LOS ANGELES - The South Korean film "Parasite" may have made history at the Academy Awards, but that didn't help the ratings for ABC's Oscars telecast, which averaged a record-low 23.6 million viewers, according to preliminary figures released today by Nielsen.
The previous low was 26.541 million for the 2018 ceremony, which ran for three hours, 54 minutes and was hosted by ABC late-night talk show host Jimmy Kimmel.
Viewership for most forms of programming has decreased in recent years, in part because of competition from streaming programs, including streams of the same programs shown on traditional television.
Sunday's ceremony from the Dolby Theatre ran for three hours, 21 minutes and went hostless for the second consecutive year. Viewership was down 20.2% from last year's ceremony, which averaged 29.558 million viewers and ran for three hours, 13 minutes.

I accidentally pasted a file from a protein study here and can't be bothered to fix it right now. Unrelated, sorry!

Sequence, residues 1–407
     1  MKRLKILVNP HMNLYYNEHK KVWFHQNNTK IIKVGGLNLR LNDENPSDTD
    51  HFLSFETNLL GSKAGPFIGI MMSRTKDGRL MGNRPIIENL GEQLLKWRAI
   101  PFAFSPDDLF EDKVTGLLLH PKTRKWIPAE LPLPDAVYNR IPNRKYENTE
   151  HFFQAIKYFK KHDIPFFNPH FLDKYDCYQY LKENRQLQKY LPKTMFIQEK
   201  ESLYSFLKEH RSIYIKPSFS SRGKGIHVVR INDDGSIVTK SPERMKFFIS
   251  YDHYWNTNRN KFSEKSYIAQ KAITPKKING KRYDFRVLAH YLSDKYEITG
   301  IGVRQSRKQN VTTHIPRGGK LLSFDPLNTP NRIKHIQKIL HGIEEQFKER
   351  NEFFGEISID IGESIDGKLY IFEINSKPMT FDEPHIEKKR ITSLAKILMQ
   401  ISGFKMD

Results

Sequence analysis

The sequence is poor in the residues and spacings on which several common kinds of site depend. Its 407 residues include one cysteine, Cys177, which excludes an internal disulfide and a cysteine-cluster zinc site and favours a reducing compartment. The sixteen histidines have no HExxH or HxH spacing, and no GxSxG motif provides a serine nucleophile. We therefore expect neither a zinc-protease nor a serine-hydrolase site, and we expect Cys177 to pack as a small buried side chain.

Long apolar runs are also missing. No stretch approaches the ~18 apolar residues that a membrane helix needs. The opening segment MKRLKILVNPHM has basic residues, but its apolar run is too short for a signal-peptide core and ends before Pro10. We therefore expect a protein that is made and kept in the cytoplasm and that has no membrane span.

The Oscar ceremonies since 2018 are the only ones to average less than 30 million viewers. Individual viewership figures have been kept since 1974.
Final figures are scheduled to be released Tuesday, but are not expected to change significantly from those released Monday. The difference between preliminary and final figures for the Oscars is customarily between 100,000 and 300,000 viewers.
The final figure could allow the Oscars to keep its customary title of being the television season's most-watched prime-time entertainment program. The post-Super Bowl episode of Fox's "The Masked Singer" has that distinction, averaging 23.731 million viewers.
The Oscars will be the season's most-watched awards show, topping the Grammys, which averaged 18.69 million viewers.
The most-watched Academy Awards ceremony was in 1998, when an average of 55.25 million viewers watched then-box office record-setter "Titanic" win the best picture Oscar. Billy Crystal was the host that year.